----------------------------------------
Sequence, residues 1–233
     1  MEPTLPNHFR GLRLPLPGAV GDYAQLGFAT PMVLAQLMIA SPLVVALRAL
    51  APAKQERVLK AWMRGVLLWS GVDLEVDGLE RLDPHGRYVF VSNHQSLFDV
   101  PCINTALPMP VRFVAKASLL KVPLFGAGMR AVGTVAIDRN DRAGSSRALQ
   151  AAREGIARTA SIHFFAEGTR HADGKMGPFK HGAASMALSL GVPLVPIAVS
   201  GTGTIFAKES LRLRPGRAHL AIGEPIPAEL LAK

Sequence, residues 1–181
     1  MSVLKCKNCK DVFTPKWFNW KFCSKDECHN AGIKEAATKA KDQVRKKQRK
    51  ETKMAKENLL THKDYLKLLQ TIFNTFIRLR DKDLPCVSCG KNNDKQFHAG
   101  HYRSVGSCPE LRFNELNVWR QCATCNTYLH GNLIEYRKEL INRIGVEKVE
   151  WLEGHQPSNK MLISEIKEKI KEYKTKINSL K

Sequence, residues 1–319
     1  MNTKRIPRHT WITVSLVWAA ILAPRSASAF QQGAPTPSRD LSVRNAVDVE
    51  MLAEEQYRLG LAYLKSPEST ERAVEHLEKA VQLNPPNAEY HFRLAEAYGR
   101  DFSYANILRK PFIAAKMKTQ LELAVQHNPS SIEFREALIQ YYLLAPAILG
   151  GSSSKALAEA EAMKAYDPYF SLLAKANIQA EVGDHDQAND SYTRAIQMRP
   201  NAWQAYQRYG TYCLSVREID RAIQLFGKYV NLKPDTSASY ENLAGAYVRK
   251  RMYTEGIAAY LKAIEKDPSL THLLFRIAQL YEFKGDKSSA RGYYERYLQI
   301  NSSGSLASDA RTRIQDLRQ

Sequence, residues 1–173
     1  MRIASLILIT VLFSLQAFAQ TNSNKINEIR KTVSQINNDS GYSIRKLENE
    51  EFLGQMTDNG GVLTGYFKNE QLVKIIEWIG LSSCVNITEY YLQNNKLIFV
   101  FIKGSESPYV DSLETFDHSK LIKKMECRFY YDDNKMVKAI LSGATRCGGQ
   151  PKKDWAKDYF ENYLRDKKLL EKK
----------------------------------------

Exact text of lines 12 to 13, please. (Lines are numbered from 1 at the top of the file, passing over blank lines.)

Sequence, residues 1–319
     1  MNTKRIPRHT WITVSLVWAA ILAPRSASAF QQGAPTPSRD LSVRNAVDVE